b. 28 December 1958, Brownwood, Texas, USA. As a small child Dillingham sang on stage with family members, an impromptu performance that led to his becoming a part of his sisters’ act. He was then aged eight. While in his mid-teens and still attending school, he began working with Ray Price, whom he credits as being a major influence in both his singing style and his approach to his songs and his audience. After leaving school, Dillingham joined The Louisiana Hayride and also wrote several songs in the hope of securing a recording contract. He signed a contract with MCA Records but despite a string of minor country hit singles in the early 80s, including ‘Have You Ever Loved Your Woman Today’ and ‘Honky Tonk Women Make Honky Tonk Men’, changes in the company meant that an album never appeared.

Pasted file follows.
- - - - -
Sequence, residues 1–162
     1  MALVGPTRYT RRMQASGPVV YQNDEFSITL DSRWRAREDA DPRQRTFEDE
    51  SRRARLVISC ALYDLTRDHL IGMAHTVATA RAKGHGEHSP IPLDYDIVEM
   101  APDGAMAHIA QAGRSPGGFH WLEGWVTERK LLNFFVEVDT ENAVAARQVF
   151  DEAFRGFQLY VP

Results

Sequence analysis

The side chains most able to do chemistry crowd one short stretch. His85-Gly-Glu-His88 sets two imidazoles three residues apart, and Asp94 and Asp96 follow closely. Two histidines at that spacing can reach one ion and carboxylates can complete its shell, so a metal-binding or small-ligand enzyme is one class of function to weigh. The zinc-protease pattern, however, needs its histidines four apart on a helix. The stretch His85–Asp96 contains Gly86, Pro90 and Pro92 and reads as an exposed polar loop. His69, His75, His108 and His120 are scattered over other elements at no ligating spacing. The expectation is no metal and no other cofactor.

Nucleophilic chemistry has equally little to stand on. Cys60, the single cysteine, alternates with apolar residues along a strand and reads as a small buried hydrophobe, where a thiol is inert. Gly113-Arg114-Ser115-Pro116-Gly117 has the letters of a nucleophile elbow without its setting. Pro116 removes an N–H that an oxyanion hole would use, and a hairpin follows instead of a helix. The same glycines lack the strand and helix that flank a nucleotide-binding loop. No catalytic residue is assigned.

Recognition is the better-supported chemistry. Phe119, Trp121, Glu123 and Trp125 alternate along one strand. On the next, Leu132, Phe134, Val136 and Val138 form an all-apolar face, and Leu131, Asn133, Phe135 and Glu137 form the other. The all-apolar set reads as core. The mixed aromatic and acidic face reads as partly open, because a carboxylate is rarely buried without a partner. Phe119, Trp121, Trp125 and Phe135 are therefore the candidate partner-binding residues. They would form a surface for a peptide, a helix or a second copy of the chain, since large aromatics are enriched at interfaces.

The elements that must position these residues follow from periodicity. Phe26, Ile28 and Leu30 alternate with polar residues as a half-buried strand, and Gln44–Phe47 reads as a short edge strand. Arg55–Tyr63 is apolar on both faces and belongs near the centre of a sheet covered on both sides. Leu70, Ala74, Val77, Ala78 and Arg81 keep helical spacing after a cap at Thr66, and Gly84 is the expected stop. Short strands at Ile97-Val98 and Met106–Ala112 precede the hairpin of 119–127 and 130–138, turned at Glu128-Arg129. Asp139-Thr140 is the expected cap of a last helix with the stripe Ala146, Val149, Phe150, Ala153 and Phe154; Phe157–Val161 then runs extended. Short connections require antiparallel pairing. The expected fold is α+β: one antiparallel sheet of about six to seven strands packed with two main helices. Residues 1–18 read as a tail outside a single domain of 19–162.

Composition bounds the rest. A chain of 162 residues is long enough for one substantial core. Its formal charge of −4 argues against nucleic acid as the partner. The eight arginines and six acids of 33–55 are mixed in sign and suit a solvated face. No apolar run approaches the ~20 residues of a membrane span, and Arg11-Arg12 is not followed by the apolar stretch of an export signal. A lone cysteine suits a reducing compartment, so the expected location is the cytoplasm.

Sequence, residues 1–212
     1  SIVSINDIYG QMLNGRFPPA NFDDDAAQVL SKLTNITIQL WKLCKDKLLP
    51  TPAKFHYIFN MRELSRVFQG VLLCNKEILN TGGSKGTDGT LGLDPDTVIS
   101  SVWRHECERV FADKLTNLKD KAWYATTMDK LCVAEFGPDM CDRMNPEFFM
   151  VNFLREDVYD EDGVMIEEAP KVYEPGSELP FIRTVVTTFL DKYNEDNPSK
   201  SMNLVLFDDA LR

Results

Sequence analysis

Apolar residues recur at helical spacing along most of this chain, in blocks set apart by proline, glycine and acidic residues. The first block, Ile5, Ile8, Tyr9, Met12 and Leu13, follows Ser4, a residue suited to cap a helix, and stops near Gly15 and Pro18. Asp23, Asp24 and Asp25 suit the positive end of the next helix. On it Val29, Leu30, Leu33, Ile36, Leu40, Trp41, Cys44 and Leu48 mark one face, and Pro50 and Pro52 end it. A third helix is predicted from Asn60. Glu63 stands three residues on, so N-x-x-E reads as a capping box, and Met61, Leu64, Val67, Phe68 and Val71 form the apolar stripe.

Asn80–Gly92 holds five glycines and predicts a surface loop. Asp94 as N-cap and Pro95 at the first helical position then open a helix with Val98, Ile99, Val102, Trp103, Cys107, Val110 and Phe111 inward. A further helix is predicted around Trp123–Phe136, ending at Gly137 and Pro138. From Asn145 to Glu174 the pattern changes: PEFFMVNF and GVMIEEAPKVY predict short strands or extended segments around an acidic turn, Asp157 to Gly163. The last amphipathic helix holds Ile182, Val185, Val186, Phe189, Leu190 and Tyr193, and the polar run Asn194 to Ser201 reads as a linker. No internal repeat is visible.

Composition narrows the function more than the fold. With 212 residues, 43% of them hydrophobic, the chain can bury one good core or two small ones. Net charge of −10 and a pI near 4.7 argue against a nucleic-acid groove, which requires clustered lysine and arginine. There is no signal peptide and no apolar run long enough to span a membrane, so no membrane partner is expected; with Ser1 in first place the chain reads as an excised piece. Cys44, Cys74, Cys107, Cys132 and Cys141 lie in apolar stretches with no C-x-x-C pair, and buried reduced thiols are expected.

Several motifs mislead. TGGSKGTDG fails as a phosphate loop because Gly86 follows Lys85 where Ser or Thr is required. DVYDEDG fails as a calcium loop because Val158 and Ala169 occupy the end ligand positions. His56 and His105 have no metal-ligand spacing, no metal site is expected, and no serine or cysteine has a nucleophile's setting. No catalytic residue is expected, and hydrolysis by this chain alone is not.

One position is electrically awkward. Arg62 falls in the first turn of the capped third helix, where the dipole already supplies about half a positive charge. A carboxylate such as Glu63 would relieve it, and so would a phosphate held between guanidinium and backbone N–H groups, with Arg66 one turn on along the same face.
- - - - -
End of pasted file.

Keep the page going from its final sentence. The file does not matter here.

Nevertheless, Dillingham, who was by now based in Nashville, Tennessee, continued writing songs and performing whenever the opportunity arose. Over 20 years after his initial chart success, he was heard by chance by a Decca Records A&R man and another contract was offered; this time, the result was his debut album. Most of the songs on 2004’s Almost Yesterday were written or co-written by Dillingham and the album received critical praise for its honest appreciation of the more traditional elements of country music, especially that corner reserved for honky tonk.